But anyway, in the end, Wanda pulls back the curtain so to speak, and lets the town of Westview go, including the boys, and yes, Vision.
But lets talk about the final scene, the after-credits scene AFTER the after-credit scene. If you didn’t go ALL the way to the end you’ll miss it. Where Wanda has a moment very VERY similar to Thanos’ chilling on the mountain overlooking his new universe. Only here, its assumed she’s isolated herself far, far away from everyone, so she can’t hurt anyone. Plus, she’s doing a kind of Doc Strange moment where her astral projection is studying the magic in the Darkhold.
So my final verdict, on WandaVision as a whole? 3.9 stars out of 5. The entirety of this series could have been boiled down into a roughly two hour movie, no doubt. And it still would have been a four-star MCU movie. The television homage that went on the first half of the series was well-thought out, well executed, and just pretty awesome for people like me who grew up on syndicated reruns. We can relate to that, and it helped us to get inside Wanda’s head and when we see what really happened, it all makes sense.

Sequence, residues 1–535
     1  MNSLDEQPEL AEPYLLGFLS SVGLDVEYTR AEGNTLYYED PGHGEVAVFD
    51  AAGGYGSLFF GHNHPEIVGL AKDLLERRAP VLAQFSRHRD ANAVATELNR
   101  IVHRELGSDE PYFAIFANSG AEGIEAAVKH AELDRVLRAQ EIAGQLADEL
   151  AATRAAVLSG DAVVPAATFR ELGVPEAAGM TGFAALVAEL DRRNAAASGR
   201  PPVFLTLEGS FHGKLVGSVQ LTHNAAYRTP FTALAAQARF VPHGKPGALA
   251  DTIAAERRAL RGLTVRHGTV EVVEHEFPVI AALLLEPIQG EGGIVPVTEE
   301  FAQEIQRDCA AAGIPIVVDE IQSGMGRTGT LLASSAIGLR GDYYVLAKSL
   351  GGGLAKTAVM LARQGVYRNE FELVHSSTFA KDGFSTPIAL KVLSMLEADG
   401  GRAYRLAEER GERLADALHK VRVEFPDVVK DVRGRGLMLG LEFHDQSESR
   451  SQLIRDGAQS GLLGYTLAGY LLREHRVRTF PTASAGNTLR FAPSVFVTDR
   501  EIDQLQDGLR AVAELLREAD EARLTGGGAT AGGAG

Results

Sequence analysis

Like I said, though, I wish the entire Agatha Harkness drop had come sooner, and made up more of WandaVision.
So MCU nerds, No “House of M” introducing Mutants into the MCU, no “Hi, I’m Reed Richards” Fantastic Four teasers, not even a nod to Hawkeye or Stephen Strange. Not even a “Holy shit was that seriously Deadpool?”
BUT WandaVision did pull in the Darkhold, which if you remember your extended Marvel television universe, was first brought up with another “purple power” wielding witch, Morgan LeFay, in Hulu’s The Runaways. Holy shit, Kevin are you seriously gonna drag all that in here without telling us? That opens up a whole new can of peaches, doesn’t it? Gonna just grab a bag of popcorn and wait for Daredevil and Frank Castle. I’ll be over here in the corner.